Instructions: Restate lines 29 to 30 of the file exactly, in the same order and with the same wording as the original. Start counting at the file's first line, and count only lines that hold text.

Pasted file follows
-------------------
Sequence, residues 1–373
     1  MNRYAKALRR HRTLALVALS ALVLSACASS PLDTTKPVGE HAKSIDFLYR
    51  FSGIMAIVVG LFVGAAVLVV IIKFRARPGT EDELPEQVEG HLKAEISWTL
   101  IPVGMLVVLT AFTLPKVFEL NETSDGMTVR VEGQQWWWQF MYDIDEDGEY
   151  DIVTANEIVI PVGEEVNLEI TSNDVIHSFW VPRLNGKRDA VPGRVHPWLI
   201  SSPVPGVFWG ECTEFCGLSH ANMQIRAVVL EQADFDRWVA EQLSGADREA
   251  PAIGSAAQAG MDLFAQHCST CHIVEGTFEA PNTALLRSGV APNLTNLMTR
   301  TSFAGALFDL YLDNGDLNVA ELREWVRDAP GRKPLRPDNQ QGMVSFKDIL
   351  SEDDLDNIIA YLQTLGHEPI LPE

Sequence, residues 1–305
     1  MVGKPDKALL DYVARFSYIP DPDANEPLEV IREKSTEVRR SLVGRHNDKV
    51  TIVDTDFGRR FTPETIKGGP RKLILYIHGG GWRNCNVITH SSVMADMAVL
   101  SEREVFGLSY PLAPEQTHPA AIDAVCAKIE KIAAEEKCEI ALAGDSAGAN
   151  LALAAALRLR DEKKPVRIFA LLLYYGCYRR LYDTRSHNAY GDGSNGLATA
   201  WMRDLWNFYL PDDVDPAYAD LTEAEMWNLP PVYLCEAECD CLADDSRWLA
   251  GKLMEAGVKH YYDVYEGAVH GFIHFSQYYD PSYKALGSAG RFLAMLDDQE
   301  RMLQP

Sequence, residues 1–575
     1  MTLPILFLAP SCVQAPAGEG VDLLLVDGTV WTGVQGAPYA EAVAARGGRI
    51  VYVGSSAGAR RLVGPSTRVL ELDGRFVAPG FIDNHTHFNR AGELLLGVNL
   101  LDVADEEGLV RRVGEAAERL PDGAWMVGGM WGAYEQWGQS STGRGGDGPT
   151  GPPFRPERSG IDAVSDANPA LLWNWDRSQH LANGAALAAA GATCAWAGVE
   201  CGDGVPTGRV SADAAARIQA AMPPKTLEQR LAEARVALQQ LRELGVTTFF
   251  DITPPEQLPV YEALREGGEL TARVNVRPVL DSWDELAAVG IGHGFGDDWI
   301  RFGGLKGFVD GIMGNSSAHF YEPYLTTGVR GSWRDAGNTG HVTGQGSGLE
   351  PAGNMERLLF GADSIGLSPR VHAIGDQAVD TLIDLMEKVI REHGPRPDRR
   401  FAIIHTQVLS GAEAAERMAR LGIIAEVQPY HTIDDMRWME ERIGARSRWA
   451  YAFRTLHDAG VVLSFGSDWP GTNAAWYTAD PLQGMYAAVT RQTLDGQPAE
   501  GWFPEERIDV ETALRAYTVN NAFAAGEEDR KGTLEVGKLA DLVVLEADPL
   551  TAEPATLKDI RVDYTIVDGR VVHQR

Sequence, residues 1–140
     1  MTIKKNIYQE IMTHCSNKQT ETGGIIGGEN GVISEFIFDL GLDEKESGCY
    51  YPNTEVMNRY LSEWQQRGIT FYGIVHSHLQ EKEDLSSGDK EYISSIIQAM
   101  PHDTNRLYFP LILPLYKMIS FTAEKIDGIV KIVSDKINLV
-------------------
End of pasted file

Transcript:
   501  GWFPEERIDV ETALRAYTVN NAFAAGEEDR KGTLEVGKLA DLVVLEADPL
   551  TAEPATLKDI RVDYTIVDGR VVHQR